With the Legal Aid Bill due to be considered in the House of Commons next week, the British Metals Recycling Association (BMRA) has reiterated its concerns that itinerant collectors will get special treatment in the Legal Aid Bill.
As it stands, the Bill includes measures to ban the scrap metal industry from trading in cash, but an exemption allows itinerant collectors such as rag and bone men to continue trading in cash.
The BMRA is calling on a further amendment to ensure itinerant collectors are also subject to the cash ban.
BMRA director general Ian Hetherington said: “This exemption is providing a loophole for unscrupulous dealers while penalising legitimate metals recyclers who have spent hundreds of millions of pounds complying with environmental legislation at fixed sites.
“The Government is essentially giving itinerants special treatment by allowing them to continue to trade in cash.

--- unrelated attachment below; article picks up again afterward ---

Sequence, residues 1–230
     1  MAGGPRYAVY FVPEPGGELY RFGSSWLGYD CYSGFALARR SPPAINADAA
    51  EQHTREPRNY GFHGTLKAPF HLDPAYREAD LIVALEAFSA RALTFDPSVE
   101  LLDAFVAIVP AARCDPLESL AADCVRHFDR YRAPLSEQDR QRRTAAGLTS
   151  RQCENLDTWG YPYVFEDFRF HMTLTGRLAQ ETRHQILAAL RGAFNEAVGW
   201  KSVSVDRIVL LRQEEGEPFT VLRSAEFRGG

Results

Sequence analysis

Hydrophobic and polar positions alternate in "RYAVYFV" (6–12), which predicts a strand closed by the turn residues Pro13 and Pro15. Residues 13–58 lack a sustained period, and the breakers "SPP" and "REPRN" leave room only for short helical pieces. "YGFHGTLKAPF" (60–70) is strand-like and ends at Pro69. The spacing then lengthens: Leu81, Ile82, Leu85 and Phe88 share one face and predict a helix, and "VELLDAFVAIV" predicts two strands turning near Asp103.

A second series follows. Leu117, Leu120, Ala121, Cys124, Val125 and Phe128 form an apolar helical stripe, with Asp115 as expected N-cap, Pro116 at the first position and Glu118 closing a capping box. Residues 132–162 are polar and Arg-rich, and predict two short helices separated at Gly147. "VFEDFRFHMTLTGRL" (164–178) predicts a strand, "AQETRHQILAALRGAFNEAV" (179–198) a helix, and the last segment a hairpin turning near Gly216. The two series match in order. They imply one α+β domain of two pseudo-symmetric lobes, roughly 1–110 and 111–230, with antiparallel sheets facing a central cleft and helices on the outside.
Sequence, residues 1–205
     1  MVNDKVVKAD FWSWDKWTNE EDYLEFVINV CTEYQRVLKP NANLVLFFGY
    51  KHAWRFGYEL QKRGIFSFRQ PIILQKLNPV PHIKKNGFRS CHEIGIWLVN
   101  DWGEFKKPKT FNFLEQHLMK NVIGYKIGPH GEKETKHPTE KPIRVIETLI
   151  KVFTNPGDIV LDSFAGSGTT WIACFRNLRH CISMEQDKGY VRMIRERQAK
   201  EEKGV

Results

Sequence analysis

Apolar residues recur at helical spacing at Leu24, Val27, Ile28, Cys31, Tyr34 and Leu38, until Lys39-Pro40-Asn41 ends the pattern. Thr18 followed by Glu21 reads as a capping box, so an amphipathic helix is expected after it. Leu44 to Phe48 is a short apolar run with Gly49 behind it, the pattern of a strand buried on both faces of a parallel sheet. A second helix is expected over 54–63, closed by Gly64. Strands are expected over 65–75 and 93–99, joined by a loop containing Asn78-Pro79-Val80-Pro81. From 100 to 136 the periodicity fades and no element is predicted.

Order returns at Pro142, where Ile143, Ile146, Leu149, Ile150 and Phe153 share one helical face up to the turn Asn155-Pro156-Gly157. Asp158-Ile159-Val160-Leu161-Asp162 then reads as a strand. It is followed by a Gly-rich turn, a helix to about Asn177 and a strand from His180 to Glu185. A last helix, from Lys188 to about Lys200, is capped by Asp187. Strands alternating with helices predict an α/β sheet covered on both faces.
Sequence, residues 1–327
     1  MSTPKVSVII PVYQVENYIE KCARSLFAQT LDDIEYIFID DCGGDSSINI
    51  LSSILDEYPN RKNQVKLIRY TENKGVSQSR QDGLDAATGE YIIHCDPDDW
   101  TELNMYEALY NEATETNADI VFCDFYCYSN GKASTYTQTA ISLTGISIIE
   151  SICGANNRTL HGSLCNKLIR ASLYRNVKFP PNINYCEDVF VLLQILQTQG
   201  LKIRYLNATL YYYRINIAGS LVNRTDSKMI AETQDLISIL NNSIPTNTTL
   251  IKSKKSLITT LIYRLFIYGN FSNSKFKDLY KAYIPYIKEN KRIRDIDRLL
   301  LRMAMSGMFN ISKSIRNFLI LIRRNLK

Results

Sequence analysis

“Not only does it undermine the purpose for banning cash in the first place – to make it more difficult to dispose of stolen metal – it will also damage those metals recyclers who are complying with a cash ban because the hundreds of thousands of small businesses and householders who sell scrap items every day will now take their business to collectors who will continue to pay cash under this exemption. There is a real risk that it will lead to the closure of compliant businesses causing job losses and a drop in recycling rates.”
Ian Hetherington also warned that any restrictions on cash trading must be implemented alongside a fundamental reform of the Scrap Metal Dealers Act 1964 if it is to have the desired effect on the rate of metal theft.
He added: “Banning cash will only serve to bolster the black market while illegal or unregulated sites are allowed to trade. A cashless industry can only work when we see a demonstrable reduction in the number of illegal sites which will otherwise continue to trade using cash.
“Regulatory reform designed to clamp down on the rash of illegal scrap metal sites much be brought forward without delay. Tougher sentencing for offenders and stronger police powers of entry at illegal sites could both be introduced right now and would have a real impact on reducing metal theft without adversely affecting the law abiding majority.”